The cause of death was ultimately ruled “profound dehydration” and the medical examiner classified it a homicide — meaning death at the hands of others — an announcement that drew a torrent of rage from Sheriff David Clarke, a tough-talking and loyal President Trump surrogate.
Still, nearly a year later, no criminal charges have been filed in Thomas’s death.
But an inquest this week by prosecutors could shed more light on the circumstances of the case, whether someone should be held responsible and, if so, who and for what.
The first major court revelation came Monday, when prosecutors told the jury that Thomas had endured seven days without any liquid, lost 35 pounds and grown weak and quiet before he died inside his cell last year, reported the Journal Sentinel.
By the end of the week, Assistant District Attorney Kurt Benkley told jurors they would be asked to answer three questions, according to Fox 6: “What was the cause of Mr. Thomas’ death? Was it the result of criminal activity? And if so, who committed the crime?”
Inquests are relatively rare in the United States.
Under Wisconsin law, an inquest may be ordered by a prosecutor when a death is considered suspicious. Witnesses are subpoenaed and testimony is presented under oath to a jury (as in this case) or to a judge. The judge or jury determines whether a crime has been committed and by whom, but the finding is advisory. A county or district attorney can decide whether to prosecute.
In this case, the “potential crime” that may have been committed is felony abuse of an inmate, prosecutors wrote in a motion filed in March, without indicating who specifically did the abusing.
During an opening statement, Benkley said three corrections officers were captured on surveillance video cutting off Thomas’s water supply, reported the Journal Sentinel. They never turned it back on and failed to document the action or alert supervisors.
Inmates in solitary are only served beverages with their meals on Sundays, officer DeCorie Smith testified Monday, according to Fox 6. The other six days of the week, inmates get their water from the sinks in their cells, to which Thomas had no access.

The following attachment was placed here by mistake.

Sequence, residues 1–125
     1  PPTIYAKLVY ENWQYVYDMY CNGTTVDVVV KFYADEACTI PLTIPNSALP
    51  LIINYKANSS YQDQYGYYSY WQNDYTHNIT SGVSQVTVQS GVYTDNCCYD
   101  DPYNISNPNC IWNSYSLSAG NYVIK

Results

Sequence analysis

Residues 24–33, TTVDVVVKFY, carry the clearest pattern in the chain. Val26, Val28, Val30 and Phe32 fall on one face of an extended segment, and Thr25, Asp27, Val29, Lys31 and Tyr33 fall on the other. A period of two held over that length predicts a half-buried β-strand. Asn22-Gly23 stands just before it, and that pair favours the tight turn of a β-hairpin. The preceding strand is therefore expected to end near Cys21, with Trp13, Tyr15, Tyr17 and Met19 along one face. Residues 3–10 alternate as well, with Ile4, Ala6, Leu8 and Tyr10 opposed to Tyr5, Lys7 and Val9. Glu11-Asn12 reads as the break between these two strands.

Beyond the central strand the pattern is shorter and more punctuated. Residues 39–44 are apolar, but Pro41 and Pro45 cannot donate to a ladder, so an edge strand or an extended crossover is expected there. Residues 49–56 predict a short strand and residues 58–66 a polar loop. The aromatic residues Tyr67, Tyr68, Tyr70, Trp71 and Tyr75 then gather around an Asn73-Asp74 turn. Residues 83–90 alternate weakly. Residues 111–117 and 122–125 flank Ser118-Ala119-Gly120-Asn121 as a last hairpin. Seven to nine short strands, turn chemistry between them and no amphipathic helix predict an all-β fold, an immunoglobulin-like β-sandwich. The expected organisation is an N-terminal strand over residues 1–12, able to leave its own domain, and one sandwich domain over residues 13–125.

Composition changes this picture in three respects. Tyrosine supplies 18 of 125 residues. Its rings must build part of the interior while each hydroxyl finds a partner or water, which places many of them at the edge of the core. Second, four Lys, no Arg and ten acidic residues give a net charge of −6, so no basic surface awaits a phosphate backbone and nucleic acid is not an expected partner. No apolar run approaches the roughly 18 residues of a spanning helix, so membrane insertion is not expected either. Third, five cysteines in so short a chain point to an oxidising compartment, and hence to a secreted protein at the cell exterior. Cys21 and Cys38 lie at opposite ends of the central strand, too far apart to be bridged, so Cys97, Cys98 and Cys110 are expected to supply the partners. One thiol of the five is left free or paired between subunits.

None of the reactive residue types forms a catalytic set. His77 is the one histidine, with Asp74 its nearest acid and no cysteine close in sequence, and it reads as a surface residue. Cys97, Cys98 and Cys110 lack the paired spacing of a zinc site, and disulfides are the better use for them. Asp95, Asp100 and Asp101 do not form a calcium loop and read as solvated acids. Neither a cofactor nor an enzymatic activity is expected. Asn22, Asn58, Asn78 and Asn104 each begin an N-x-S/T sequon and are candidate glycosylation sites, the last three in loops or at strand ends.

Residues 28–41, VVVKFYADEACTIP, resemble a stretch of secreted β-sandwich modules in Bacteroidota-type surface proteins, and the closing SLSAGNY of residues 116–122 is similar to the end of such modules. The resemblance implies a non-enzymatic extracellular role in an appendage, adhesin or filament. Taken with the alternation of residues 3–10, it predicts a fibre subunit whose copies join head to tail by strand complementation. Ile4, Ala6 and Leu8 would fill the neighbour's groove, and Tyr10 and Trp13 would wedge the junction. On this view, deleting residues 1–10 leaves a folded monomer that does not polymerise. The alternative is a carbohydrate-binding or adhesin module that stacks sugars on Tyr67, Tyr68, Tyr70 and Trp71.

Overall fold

Thomas had been moved to solitary in the discipline unit after he used his bedding to flood his jail cell in the special needs unit, where he was initially kept for his bipolar disorder.
“This order to shut off Mr. Thomas’ water was highly irregular and contrary to standard operating procedure in the jail,” Benkley said Monday, according to the Journal Sentinel.
Benkley told the jurors they will hear from fellow inmates who claim Thomas called for water. He also said there is evidence that Thomas’s compromised mental health made it clear he was “unable to tell people about his basic needs.”
Thomas had been in the county jail just eight days for allegedly shooting a gun at a group of men standing outside. One man was hit in the chest and underwent surgery at a hospital. According to court documents, Thomas was aiming at a man he believed had stolen his Mercedes-Benz the day before.
Thomas later went to the Potawatomi Hotel and Casino in Milwaukee, where he fired the gun into the air several times, yelled for everyone to get on the ground and claimed there were snakes everywhere. He scooped poker chips into his pockets.
When police arrived, Thomas dropped the gun into a garbage can and lay on the ground, according to reports. He faced five charges and a maximum of more than 60 years in prison.
Thomas’s family said he was having a mental breakdown when he committed the crimes.
The man’s sons filed a lawsuit in federal court last month claiming their father “was subjected to a form of torture” during his time in solitary confinement and that officers ignored his pleas for help.
The lawsuit claimed that police took Thomas for a hospital examination after he was disruptive at the jail and showed “signs of acute psychological disorders,” reported the Associated Press. The hospital cleared him for transport.
Days before he died, a judge ordered a competency examination for Thomas.
“We see what happened as a completely preventable death and a grave injustice of a mentally ill man,” Erik Heipt, attorney for Thomas’s estate, told Fox 6 last month. “He was in a mental health crisis, he needed help. He didn’t need to be punished by throwing him into a solitary unit without water.”
Even at the end of the inquest, it could be difficult for prosecutors to prove negligence. To charge a person with abuse of a prisoner, officials have to show that jail staff neglected Thomas or were aware of the neglect and didn’t intervene, reported the Journal Sentinel.
When Thomas’s family filed the lawsuit last month, the sheriff did not comment to the Associated Press about the lawsuit, but he did note Thomas’s criminal background, which included a drug charge.
“I have nearly 1,000 inmates. I don’t know all their names but is this the guy who was in custody for shooting up the Potawatomi Casino causing one man to be hit by gunfire while in possession of a firearm by a career convicted felon?” Clarke told the Associated Press. “The media never reports that in stories about him. If that is him, then at least I know who you are talking about.”
Thomas was one of four people to die at the Milwaukee County Jail during a six-month period in 2016, according to Fox 46.
In December, the U.S. Department of Justice said it would consider investigating the deaths after a congresswoman requested it. State lawmakers and an activist organization called on Clarke to resign over the deaths.
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